I have been working with a few tree services to salvage some of the lumber from the trees that were destroyed. Over time, I expect that some people will want something of their lives before the event, and furniture made from logs salvaged from the tornado will be valued. Last summer, I milled up five post oak logs that came from the Joplin Elks’ Lodge where three people died in the tornado. Although it is in the white oak family, post oak is generally unsuitable for lumber because it warps and cracks during the drying process, has so many knots in it, and is difficult to work. But these twisted, cracked boards are more valuable than any exotic wood from Africa or South America. Students at a Joplin High School woodworking class are using the lumber to build furniture for the new Elks’ lodge. 

Consider The Multiple Uses & Benefits
The rewards of running a small sawmill are more than worth the effort it takes to meet the challenges. Some of the lumber from urban logs is amazing. The size and species of the trees yields lumber that brings high dollars from woodworkers. The feathered grain found in a walnut crotch, for example, can bring several hundred dollars for a gun stock, if properly cut – or it can end up in a fireplace. Aside from the value of the wood itself, many people appreciate the fact that a tree can go to good use after it has been cut. Several tree services contact me to remove logs that they know I can use. This saves them the trouble of cutting it up and hauling it off, provides me with usable logs, and helps the homeowner deal with the loss of a tree. Not a bad arrangement. In some cases, I have passed the lumber on to a local woodworker who has made furniture out of it for the homeowner. To me, the greatest reward is the satisfaction I get from being part of this process. As Tom Mikel explained it, “Once you start sawmilling you really enjoy it. It is different every time you cut a log open.”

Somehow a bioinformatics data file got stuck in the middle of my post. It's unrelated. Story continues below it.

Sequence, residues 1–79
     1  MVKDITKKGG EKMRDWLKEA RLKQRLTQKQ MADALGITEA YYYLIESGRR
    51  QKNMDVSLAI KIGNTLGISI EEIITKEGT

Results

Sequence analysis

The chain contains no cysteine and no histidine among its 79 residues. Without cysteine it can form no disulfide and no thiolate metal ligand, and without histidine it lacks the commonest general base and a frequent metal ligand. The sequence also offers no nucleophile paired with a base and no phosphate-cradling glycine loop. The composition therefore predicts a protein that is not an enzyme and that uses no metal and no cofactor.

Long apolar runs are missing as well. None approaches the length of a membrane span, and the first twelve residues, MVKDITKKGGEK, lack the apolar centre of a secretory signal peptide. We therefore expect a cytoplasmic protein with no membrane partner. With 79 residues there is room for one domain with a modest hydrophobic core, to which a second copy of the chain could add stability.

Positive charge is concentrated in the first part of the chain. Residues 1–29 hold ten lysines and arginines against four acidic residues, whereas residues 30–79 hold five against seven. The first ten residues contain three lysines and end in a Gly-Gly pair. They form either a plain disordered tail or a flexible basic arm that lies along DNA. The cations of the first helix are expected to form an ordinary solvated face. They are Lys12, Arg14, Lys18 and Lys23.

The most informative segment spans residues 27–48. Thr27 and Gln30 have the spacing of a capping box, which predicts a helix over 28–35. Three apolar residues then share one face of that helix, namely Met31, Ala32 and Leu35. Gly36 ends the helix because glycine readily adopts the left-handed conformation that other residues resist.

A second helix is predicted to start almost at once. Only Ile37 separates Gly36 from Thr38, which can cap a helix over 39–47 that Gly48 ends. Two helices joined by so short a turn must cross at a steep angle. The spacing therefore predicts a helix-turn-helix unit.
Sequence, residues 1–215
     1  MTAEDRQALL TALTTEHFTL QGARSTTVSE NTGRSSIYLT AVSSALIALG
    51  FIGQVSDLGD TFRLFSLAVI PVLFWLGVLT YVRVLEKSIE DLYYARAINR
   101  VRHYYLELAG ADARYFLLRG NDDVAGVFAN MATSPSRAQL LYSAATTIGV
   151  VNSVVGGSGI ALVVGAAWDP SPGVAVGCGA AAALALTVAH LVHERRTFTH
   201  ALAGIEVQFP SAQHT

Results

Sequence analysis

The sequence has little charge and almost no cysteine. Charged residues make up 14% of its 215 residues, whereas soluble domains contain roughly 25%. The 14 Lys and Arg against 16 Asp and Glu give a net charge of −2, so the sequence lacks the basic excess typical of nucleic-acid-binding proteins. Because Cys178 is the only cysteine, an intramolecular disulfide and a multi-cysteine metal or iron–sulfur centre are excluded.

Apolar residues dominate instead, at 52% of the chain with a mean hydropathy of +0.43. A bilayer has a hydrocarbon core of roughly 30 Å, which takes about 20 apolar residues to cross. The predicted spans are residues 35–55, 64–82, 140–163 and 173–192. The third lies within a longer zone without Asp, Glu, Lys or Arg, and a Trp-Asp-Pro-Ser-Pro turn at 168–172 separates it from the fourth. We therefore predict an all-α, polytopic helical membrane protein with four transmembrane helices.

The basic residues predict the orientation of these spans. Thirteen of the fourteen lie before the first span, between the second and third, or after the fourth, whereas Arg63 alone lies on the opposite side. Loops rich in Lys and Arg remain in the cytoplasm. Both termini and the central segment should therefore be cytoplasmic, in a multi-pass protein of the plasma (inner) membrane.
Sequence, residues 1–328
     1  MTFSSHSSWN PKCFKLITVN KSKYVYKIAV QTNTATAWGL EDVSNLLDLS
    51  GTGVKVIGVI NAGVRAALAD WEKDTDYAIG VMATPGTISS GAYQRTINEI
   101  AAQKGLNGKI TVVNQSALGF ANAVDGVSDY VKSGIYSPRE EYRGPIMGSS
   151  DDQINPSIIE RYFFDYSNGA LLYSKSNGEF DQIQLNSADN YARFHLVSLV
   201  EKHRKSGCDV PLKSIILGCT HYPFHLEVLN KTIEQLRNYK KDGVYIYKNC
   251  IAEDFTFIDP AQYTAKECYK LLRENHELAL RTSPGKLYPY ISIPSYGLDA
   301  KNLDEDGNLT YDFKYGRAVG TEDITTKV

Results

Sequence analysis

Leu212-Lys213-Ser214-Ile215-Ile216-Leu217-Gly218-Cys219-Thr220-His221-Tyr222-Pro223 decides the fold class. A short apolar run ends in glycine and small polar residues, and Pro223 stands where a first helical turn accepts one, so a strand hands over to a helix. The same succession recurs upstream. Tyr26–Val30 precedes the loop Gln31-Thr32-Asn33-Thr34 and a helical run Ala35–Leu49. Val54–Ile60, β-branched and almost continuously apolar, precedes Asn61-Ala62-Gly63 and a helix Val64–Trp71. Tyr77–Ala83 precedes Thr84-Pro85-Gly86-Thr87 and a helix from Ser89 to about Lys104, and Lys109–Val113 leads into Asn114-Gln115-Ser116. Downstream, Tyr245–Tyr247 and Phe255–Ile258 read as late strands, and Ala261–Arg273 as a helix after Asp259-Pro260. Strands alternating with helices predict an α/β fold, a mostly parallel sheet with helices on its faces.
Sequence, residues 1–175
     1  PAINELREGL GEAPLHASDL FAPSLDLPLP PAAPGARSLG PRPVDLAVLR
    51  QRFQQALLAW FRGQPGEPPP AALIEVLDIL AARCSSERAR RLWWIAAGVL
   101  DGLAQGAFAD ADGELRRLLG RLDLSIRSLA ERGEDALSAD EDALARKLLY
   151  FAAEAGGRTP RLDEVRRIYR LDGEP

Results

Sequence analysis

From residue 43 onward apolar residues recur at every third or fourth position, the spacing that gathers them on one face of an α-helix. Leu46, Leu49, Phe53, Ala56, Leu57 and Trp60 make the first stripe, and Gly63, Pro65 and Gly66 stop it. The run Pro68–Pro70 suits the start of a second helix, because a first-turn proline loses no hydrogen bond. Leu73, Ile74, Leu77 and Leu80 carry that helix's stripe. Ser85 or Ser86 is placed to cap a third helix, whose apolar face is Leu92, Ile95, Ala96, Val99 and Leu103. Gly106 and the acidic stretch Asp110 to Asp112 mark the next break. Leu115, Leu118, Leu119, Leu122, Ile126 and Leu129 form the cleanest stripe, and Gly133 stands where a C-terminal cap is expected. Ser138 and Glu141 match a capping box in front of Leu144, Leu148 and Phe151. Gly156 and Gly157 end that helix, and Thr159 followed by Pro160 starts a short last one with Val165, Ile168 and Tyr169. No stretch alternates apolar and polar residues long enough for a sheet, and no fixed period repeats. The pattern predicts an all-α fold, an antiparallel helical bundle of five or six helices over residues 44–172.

One of the best sources for sawmilling is the Arborsite forum. Forum topics cover the range of tree care issues. The people who post on the forum express opinions, share experiences, and offer encouragement to anyone who logs on. It is one of my favourite hangouts. Sawmill & Woodlot Management magazine has a lot of information on equipment, as well as articles on forestry and tree care. I am a frequent contributor. Woodweb.com and Forestryforum.com also have forums that anyone involved in tree care and sawmills will find useful. Norwood’s Town Hall forum is also a great source of sawmilling information that is helpful to anyone interested in portable band saw mills.